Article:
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Solving Tomorrow’s Cooling Challenges with Liquid Cooling

Data centers are entering a new era of high-performance computing, driven by technologies such as artificial intelligence (AI) as well as graphics rendering, medical research and smart cities.1 More power generates more heat, making cooling a top data center consideration, now more than ever. Air cooling has been the predominant method for data center cooling, but the industry is looking for new, efficient ways to manage data center temperatures.

Liquid cooling may be the solution – not only to cool the data center but also to reduce energy and water consumption. Before I dig deeper into the details, I’ll point you to a new, brief video explaining how we can integrate liquid cooling into a data center deployment. Check it out here.

AI Is Heating Up Data Centers

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In this video, I show you how liquid cooling can be part of your data center deployment. It’s one in a series on getting the best performance and value from your infrastructure on our YouTube channel.

AI has been around for years, but the explosion of interest is due to recent advances in generative AI (GenAI). The move to GenAI is ramping up. According to a recent Cisco study of more than 8,000 companies, 97% of global organizations reported that the urgency to deploy AI-powered technologies has increased in their company in the past six months.2 

Forrester adds, “Between July and September 2023, the number of enterprises that are in the experimentation and expansion stages of implementing GenAI jumped from 62% to 71%, representing one of the fastest mass adoption rates of a new technology in the enterprise.”3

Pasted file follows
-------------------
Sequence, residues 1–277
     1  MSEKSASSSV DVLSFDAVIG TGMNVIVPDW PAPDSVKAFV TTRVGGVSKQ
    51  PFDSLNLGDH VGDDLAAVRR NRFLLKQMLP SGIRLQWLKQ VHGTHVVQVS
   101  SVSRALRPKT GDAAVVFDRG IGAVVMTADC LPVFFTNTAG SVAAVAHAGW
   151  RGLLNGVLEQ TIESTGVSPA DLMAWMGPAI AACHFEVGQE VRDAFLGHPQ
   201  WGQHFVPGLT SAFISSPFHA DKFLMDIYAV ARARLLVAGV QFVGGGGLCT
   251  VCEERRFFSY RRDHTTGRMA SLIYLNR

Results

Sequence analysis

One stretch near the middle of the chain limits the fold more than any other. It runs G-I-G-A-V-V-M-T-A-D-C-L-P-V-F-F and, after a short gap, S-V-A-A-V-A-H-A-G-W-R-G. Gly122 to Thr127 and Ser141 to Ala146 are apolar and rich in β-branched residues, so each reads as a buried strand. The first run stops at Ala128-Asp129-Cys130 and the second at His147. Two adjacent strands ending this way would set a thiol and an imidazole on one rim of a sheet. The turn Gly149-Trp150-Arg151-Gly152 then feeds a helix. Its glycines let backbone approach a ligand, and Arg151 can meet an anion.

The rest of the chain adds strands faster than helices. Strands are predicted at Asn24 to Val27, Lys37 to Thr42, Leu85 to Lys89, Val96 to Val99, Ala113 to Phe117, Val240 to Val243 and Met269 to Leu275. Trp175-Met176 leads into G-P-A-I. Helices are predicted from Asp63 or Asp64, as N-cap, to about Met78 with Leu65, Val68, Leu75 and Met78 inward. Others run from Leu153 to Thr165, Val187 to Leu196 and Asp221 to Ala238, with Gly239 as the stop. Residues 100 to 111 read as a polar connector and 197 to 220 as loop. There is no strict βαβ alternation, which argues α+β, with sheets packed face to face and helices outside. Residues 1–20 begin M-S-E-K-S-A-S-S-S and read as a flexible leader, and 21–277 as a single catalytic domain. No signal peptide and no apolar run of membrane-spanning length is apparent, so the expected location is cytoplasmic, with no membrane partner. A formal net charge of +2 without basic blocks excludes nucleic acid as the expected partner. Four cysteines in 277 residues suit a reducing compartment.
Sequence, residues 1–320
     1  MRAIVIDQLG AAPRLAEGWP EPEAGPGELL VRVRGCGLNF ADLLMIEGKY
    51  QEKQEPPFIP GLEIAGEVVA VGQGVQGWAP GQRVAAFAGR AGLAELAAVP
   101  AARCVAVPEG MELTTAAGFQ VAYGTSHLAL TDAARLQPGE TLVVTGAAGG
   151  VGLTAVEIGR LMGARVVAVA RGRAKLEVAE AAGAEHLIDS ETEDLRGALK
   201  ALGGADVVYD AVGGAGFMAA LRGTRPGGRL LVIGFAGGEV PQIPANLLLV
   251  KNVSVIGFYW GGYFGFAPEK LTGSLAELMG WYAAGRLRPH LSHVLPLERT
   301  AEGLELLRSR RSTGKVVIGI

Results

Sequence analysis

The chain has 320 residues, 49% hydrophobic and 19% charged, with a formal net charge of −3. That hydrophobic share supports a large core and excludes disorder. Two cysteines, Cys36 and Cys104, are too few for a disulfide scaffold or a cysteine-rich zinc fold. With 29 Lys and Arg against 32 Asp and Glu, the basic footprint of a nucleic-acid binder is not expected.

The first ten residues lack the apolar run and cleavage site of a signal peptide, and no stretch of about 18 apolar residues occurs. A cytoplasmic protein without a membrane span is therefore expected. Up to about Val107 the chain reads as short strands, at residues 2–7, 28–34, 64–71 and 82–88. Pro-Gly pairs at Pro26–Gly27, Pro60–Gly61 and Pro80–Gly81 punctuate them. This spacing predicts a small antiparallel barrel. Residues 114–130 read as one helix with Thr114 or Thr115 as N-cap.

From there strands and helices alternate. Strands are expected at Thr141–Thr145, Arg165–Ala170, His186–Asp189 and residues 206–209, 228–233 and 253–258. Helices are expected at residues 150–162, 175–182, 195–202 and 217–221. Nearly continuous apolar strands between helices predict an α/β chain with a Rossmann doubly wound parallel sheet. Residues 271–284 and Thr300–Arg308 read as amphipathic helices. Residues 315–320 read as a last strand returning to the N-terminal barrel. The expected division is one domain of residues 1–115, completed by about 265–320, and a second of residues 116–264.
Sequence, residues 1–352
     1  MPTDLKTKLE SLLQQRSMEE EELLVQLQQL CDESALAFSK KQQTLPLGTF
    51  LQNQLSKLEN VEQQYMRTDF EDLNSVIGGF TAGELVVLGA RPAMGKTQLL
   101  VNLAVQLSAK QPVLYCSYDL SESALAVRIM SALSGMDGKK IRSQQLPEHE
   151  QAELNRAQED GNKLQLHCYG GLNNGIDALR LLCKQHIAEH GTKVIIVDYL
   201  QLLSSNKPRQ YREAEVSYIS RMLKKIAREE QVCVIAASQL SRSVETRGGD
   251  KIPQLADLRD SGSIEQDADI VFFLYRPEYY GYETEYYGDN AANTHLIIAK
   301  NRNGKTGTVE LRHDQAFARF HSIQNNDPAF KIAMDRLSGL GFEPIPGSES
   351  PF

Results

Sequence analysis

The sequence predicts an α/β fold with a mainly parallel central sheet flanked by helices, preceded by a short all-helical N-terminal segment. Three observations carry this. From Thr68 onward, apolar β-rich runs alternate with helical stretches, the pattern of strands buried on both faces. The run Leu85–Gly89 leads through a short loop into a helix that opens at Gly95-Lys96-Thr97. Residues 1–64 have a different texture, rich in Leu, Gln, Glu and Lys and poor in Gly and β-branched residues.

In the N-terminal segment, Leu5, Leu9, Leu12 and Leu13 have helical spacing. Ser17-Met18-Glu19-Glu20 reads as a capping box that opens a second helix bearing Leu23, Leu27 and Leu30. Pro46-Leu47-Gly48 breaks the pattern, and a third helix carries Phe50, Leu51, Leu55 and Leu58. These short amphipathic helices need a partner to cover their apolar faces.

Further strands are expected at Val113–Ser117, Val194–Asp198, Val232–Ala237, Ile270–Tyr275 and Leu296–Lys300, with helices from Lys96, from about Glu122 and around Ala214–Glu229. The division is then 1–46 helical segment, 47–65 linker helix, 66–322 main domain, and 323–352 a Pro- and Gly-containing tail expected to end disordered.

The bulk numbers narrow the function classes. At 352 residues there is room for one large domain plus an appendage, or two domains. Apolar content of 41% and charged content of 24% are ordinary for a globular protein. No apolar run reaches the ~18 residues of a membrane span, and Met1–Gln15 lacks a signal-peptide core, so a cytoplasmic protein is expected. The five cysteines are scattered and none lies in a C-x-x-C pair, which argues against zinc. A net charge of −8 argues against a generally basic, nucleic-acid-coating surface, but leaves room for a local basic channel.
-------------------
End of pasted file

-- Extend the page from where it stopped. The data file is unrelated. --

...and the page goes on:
GenAI is truly a game changer, and the world is already experiencing the first wave of an AI deluge that will impact data center cooling needs in two ways. First, the increasing thermal design power (TDP) of chips designed for AI and other high-density technologies directly leads to more heat in the data center. IDTechEx's report on thermal management for data centers points out, “With the increasing demand for high-performance computing in sectors like AI, cloud computing, and crypto mining, the TDP of chips increased 4X from 2006 to 2022.”4

While an average server in a data center generates about 1.5kW of heat, the latest AI server using Nvidia's new GPUs can generate five or six times as much heat.5

Second, power density – the amount of power used by a fully populated server rack, measured in kilowatts (kW) per rack – is also rising, and higher power density generates more heat. Average server rack density has doubled in the past six years, from 5 kW to 8-10 kW, and experts say this number could double again by 2025.7 

Types of Liquid Cooling

All this means that data center operators have to find innovative ways to cool servers, and liquid cooling is positioned as a very attractive solution.

One option for liquid cooling, an approach called “rear rack cooling,” is to install air exchangers at each rack and use them to cool down individual racks of servers.

Data centers have three basic liquid cooling options: 

  • Rear-door heat exchangers – A liquid heat exchanger replaces the back door of the rack. Fans blow hot air from servers through the exchanger, which circulates coolant to dissipate heat. Although this option uses a liquid cooling technique, it is actually a hybrid solution because it also incorporates air cooling by employing fans.
  • Direct-to-chip liquid cooling – Cool liquid is circulated via tubes to cold plates directly adjacent to the hardware components. When the liquid absorbs the heat from the equipment, it is transferred to a heat exchanger or cooling device, and then sent back to the cold plates. Direct-to-chip liquid cooling is available as single-phase cold plates or a two-phase system utilizing evaporation units. 
  • Immersion cooling – Server components are submerged in a container of dielectric liquid, and the heat is transferred to the coolant. In single-phase immersion cooling, coolant is continuously circulated to a heat exchanger. In two-phase immersion cooling, the liquid is brought to a boil and turned to gas to expel the heat. According to, “Immersion cooling bridges the gap between traditional and future data centers. It not only improves the data infrastructure system efficiency but also cuts by a huge margin the amount of energy consumed. This leads to reduced energy bills and carbon footprint.”8

The Many Benefits of Liquid Cooling

The entire data center industry is talking about liquid cooling because it offers several compelling advantages including: